For two years before she left Iran in 1997, Nafisi gathered seven young women at her house every Thursday morning to read and discuss forbidden works of Western literature. They were all former students whom she had taught at university. Some came from conservative and religious families, others were progressive and secular; several had spent time in jail. They were shy and uncomfortable at first, unaccustomed to being asked to speak their minds, but soon they began to open up and to speak more freely, not only about the novels they were reading but also about themselves, their dreams and disappointments. Their stories intertwined with those they were reading—Pride and Prejudice, Washington Square, Daisy Miller and Lolita—their Lolita, as they imagined her in Tehran.
Nafisi’s account flashes back to the early days of the revolution, when she first started teaching at the University of Tehran amid the swirl of protests and demonstrations. In those frenetic days, the students took control of the university, expelled faculty members and purged the curriculum. When a radical Islamist in Nafisi’s class questioned her decision to teach The Great Gatsby, which he saw as an immoral work that preached falsehoods of “the Great Satan,” she decided to let him put Gatsby on trial and stood as the sole witness for the defense.
By: Octavia E. Butler
Dana, a modern black woman, is celebrating her twenty-sixth birthday with her new husband when she is snatched abruptly from her home in California and transported to the antebellum South. Rufus, the white son of a plantation owner, is drowning, and Dana has been summoned to save him. Dana is drawn back repeatedly through time to the slave quarters, and each time the stay grows longer, more arduous, and more dangerous until it is uncertain whether or not Dana's life will end, long before it has a chance to begin.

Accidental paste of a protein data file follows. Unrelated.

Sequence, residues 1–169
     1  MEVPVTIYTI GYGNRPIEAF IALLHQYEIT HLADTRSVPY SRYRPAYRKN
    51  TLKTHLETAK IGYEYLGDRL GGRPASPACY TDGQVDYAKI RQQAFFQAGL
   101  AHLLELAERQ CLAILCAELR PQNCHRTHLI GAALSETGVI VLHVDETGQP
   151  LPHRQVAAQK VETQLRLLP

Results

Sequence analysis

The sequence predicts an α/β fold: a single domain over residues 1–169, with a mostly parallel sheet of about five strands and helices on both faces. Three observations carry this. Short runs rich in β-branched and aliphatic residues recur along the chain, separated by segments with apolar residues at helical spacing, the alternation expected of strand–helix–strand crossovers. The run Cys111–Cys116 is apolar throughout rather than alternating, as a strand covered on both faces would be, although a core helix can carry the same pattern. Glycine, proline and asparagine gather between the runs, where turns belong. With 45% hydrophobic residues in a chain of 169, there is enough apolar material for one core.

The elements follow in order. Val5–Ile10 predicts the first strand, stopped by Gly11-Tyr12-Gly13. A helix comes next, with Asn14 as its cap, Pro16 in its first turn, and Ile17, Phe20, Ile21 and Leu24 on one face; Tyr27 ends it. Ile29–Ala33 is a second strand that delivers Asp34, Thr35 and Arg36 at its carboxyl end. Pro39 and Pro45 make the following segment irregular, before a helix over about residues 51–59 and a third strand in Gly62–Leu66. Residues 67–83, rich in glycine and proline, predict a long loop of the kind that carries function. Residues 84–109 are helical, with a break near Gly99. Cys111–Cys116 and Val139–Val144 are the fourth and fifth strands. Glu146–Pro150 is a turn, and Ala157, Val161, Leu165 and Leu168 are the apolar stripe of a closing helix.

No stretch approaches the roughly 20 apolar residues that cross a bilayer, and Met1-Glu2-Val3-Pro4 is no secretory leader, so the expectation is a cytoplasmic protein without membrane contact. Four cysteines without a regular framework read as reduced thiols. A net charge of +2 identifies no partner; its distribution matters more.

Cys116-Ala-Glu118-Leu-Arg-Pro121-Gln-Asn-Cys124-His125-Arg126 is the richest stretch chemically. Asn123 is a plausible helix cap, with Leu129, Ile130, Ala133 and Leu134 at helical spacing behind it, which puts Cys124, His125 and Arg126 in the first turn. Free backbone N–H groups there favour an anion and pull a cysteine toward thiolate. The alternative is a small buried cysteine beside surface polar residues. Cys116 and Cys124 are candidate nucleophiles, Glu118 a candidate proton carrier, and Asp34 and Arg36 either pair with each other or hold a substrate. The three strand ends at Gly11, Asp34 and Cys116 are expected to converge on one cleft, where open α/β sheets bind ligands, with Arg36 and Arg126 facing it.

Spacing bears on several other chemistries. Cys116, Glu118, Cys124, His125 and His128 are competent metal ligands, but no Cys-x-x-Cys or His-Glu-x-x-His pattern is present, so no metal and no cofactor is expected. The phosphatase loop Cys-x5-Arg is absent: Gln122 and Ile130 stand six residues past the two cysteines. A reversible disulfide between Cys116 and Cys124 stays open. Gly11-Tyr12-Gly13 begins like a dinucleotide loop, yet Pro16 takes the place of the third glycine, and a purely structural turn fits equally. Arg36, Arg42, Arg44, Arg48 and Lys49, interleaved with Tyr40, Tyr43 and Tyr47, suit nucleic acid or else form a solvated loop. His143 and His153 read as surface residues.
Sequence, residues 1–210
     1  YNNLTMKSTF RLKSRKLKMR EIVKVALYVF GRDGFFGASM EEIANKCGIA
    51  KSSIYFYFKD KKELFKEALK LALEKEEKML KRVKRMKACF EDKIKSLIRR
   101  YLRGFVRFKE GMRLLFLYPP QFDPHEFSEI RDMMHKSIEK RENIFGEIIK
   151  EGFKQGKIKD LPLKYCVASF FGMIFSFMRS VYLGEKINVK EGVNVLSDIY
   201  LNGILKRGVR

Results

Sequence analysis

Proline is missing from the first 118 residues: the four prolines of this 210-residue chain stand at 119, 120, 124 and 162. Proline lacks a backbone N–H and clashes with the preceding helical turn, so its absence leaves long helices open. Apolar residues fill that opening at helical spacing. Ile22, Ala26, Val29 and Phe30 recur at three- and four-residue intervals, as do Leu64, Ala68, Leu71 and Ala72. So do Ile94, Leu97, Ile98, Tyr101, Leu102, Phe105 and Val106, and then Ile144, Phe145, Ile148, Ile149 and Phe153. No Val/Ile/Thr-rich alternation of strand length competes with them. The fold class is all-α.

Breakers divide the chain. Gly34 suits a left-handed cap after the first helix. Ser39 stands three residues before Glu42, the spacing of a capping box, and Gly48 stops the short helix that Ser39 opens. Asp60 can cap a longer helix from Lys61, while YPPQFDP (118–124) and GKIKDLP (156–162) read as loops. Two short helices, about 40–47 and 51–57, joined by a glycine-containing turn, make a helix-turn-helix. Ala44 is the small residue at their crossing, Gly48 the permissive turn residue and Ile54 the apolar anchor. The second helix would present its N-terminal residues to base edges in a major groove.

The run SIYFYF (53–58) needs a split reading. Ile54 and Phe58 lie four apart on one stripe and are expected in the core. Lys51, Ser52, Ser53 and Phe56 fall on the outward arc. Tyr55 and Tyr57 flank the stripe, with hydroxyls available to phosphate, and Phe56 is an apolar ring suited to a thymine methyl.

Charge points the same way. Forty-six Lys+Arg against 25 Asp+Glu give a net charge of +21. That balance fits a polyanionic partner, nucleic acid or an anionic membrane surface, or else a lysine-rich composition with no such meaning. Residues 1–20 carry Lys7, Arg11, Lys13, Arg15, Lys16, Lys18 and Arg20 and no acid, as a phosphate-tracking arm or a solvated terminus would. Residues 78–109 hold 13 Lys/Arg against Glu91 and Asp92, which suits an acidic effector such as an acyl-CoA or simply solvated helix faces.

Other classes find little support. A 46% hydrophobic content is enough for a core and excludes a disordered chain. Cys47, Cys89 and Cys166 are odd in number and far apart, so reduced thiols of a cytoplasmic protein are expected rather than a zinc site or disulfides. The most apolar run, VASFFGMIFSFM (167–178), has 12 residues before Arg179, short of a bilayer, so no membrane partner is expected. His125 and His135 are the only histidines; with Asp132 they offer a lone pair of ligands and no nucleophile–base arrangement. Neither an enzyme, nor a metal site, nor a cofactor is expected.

Title: A Room of One's Own
By: Virginia Wolff
Published: 1991 (1929)
A woman must have money and a room of her own if she is to write fiction . . ." First published in 1929, A Room of One's Own is Virginia Woolf's pioneering work on women in literature. An accessible yet fiercely astute polemic, it is a crystallization of the intelligent analysis behind her novels, and confirms her as a writer not only of style, but of undeniable substance. Ranging from discussing Austen's pandering to a male writing style, to imagining the dreadful fate of Shakespeare's talented, intelligent sister, Woolf makes the topic an enjoyable journey through her imagination, filling in for the undocumented in female history, and exploring the loss to the literary landscape in her own entertaining, convincing prose.
Title: Pride & Prejudice
By: Jane Austin
Published: 1988 (1813)
Elizabeth Bennet is at first determined to dislike Mr. Darcy, who is handsome and eligible. This misjudgment only matched in folly by Darcy's arrogant pride. Their first impressions give way to truer feelings in a comedy concerned with happiness and how it might be achieved.